Friday, June 22, 2012

concert review: Garden of Memory

This year's visit to the annual Garden of Memory walk-through concert at the Chapel of the Chimes in Oakland was not as entirely satisfactory as it usually is. Start with the fact that everyone was late, including me. I went immediately to the Morgan Chapel where Amy X. Neuburg and Paul Dresher hang out in alternating sets, only to discover they weren't even scheduled to start until 6, an hour into the four-hour event. The main chapel was too crowded to get into, so I took my walk through the maze of tiny rooms, niches, corridors, uneven surfaces, and stairs - lots of tiny staircases - in the rest of the labyrinthine building where the ambient musicians hang out, hobbled somewhat by my determination that, after an unfortunate previous experience, I'm not going through there without my cane again; and hobbled also by the fact that I didn't hear much, as many of them weren't set up yet.

Back to the Morgan chapel at 6 to find that sound-checks were still going on into the indefinite future, setup having been delayed by a late-afternoon funeral (well, yes, those will occur here). So, back to the main chapel to hear a percussion ensemble called Falkortet that wasn't even on the performer roster, not a patch on William Winant (to whom they dedicated one of their pieces) but pretty good, to be followed by the Del Sol String Quartet except they weren't there, having been delayed in traffic.

When I finally caught Del Sol for their scheduled second set, they performed three pieces before hitting on a minimalist composition not so rigid that they could do justice to it - I didn't catch the composer's name but they say it'll be on an upcoming CD - and it was righteous. So was the Cornelius Cardew Choir, in one of the upper niches, performing Oliveros' Heart Chant with audience participation again, this time sounding more like Ligeti than Todd Barton. The retro-big band Orchestra Nostalgico, outside on the upper landing on a cold and blustery day, as if this were Seattle, seemed a little underpowered this year, and Amy X., when I finally heard her, was having more trouble than ever with her looping machine, requiring three tries to get through her most standard number, "Life Stepped In." But the Paul Dresher/Joel Davel semi-improv was particularly good this year.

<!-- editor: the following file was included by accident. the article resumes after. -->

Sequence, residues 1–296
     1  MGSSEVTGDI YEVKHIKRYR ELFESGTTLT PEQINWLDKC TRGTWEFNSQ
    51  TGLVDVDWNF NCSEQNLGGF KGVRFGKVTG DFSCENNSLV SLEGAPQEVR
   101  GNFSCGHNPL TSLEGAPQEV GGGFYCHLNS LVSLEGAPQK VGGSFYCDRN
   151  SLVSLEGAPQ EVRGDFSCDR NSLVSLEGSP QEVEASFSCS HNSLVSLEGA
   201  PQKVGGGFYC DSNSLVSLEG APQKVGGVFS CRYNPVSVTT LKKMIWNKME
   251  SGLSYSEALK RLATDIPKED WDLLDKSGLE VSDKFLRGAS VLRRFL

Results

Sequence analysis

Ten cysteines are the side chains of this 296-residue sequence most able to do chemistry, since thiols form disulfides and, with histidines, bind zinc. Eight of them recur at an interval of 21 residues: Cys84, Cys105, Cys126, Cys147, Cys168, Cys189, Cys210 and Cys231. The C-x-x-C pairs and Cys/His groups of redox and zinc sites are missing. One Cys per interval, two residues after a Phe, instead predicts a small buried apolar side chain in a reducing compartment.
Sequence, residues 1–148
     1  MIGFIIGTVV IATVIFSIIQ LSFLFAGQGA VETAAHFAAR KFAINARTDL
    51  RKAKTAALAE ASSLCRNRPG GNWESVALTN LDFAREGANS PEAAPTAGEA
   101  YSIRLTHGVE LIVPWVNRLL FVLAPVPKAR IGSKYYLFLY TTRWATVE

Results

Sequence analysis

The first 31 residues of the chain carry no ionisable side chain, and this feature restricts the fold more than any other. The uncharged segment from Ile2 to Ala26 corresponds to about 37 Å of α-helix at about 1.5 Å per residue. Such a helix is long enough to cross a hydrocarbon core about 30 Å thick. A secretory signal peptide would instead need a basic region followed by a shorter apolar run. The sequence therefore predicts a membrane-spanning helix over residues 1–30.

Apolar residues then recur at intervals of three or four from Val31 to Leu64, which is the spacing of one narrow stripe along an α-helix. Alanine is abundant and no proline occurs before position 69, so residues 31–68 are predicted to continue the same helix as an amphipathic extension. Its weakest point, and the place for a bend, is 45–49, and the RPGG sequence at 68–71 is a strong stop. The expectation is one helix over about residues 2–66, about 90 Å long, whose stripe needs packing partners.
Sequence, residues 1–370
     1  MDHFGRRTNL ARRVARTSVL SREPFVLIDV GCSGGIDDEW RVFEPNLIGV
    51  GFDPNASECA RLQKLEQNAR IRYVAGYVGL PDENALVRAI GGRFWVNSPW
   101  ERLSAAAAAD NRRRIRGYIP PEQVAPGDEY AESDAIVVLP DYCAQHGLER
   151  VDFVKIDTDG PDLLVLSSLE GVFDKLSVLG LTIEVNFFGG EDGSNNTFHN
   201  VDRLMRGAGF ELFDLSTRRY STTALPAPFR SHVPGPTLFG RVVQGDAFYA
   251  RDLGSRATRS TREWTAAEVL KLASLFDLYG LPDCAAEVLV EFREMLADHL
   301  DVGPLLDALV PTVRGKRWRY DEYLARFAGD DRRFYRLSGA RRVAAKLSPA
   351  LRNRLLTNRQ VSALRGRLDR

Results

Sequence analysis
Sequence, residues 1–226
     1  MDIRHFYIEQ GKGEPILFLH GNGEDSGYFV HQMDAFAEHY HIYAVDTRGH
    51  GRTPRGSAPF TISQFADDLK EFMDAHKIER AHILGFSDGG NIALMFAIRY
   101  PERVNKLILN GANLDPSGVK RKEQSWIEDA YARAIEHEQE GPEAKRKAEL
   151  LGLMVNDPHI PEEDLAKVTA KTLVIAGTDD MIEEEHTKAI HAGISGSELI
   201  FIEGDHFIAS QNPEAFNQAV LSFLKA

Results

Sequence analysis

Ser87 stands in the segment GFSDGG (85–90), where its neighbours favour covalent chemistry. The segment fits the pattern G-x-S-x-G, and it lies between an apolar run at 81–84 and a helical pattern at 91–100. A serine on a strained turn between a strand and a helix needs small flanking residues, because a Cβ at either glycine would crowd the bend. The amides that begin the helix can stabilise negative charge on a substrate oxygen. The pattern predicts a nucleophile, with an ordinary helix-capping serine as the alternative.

Best of all was the last set before closing in the main chapel, by the 8-woman choir Kitka, performing folk songs from Georgia* and Bulgaria. Nasal, lots of stark open intervals, even sounds of goose honking that came out beautiful, a mesmerizing and enriching final experience.

Seen among the niches and conversed with: the Tall Black Woman and the Tall White Woman.

*Which Georgia did you think I meant, before you saw what followed it?

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